Nurses encouraged that Ontario budget tackles poverty
“We are keenly aware of the connection between poverty and illness. We see the effect poverty has on many Ontarians who are struggling to make ends meet,” says Mary Ferguson-Paré, president of RNAO. “These investments will help people stay healthier and will begin to address the income gaps between families in Ontario.”
Nurses praise the government’s anti-poverty strategy, including the introduction of the Ontario Child Benefit, and increases in social assistance rates and the minimum wage. These measures will provide more money for more families. However, RNAO says more must be done to ensure all Ontarians can meet basic needs.
“We’re happy that the government recognizes the importance of reducing poverty, but we’ll be watching carefully to make sure progress on this front continues. This isn’t just good social policy, it’s good health policy,” says Doris Grinspun, executive director of RNAO.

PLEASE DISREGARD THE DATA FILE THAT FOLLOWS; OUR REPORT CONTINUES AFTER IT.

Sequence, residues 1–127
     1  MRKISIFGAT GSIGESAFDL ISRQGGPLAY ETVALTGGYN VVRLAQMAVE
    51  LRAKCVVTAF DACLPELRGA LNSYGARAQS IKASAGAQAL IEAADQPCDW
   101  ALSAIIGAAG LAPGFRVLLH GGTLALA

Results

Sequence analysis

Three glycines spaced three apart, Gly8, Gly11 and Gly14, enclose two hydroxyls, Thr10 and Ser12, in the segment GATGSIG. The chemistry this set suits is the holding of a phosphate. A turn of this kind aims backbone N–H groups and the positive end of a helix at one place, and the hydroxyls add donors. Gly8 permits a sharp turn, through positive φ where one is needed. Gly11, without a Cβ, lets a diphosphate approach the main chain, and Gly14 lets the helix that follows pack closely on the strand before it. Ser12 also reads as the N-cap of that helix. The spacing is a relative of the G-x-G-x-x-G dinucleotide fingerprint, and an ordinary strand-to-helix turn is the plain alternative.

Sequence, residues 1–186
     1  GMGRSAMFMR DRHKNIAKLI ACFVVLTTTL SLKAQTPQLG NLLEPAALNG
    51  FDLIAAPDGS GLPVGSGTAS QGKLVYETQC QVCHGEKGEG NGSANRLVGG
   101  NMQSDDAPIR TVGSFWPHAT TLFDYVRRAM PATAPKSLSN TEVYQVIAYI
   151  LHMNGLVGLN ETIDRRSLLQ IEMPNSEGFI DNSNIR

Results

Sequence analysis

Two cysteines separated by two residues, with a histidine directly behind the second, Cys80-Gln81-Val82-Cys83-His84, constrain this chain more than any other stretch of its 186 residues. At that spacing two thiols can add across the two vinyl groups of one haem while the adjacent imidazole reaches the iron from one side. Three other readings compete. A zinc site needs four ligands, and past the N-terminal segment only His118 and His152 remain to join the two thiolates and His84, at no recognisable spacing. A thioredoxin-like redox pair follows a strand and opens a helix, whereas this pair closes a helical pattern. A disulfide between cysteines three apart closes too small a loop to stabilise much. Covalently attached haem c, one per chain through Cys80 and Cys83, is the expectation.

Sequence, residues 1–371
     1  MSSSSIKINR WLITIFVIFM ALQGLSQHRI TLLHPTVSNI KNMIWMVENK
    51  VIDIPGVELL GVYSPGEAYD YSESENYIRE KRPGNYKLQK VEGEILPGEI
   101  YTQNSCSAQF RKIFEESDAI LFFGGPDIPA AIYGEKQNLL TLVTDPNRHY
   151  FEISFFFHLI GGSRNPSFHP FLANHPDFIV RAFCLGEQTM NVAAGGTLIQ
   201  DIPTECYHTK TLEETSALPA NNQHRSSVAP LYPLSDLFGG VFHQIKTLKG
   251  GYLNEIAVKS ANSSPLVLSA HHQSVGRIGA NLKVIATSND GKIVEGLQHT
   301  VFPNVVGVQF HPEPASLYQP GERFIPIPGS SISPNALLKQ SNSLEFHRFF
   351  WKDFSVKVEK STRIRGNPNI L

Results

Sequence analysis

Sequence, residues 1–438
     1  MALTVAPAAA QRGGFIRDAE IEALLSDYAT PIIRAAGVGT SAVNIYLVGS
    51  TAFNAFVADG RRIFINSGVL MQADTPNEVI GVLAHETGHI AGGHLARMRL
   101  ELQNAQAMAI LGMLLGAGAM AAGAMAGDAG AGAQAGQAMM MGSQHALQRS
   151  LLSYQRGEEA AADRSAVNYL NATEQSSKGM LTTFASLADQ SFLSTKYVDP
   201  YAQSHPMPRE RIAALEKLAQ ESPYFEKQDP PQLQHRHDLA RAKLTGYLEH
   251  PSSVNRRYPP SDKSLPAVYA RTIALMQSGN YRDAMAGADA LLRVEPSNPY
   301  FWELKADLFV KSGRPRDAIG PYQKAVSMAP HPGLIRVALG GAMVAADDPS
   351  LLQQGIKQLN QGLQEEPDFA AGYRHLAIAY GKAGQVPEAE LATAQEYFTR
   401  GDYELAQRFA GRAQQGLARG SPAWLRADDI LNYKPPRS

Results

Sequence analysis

RNAO also applauds the government’s actions to make sure nurses are there to provide health care for all Ontarians when they need it. In particular, the $89 million commitment to guarantee nursing graduates full-time jobs will ensure a strong start to their careers. “This is a wonderful investment in our profession’s future,” says Ferguson-Paré. “We have a shortage of nurses and this window of opportunity will go a long way to keep our nursing graduates here at home, and provide employers with the incentive to create full-time jobs.”
RNAO says the next step is more funding for the Late Career Initiative, in which nurses 55 and over spend part of their paid work time on professional development and mentoring new nurses. “We know this initiative works and it is important to keep our experienced nurses on the job,” adds Grinspun.
The Registered Nurses’ Association of Ontario (RNAO) is the professional association representing registered nurses wherever they practise in Ontario. Since 1925, RNAO has lobbied for healthy public policy, promoted excellence in nursing practice, increased nurses’ contribution to shaping the health-care system, and influenced decisions that affect nurses and the public they serve.